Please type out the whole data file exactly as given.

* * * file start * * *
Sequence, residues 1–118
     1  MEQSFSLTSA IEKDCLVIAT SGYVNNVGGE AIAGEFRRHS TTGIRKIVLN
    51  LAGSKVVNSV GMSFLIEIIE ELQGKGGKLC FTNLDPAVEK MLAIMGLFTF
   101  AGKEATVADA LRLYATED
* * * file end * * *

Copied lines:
Sequence, residues 1–118
     1  MEQSFSLTSA IEKDCLVIAT SGYVNNVGGE AIAGEFRRHS TTGIRKIVLN
    51  LAGSKVVNSV GMSFLIEIIE ELQGKGGKLC FTNLDPAVEK MLAIMGLFTF
   101  AGKEATVADA LRLYATED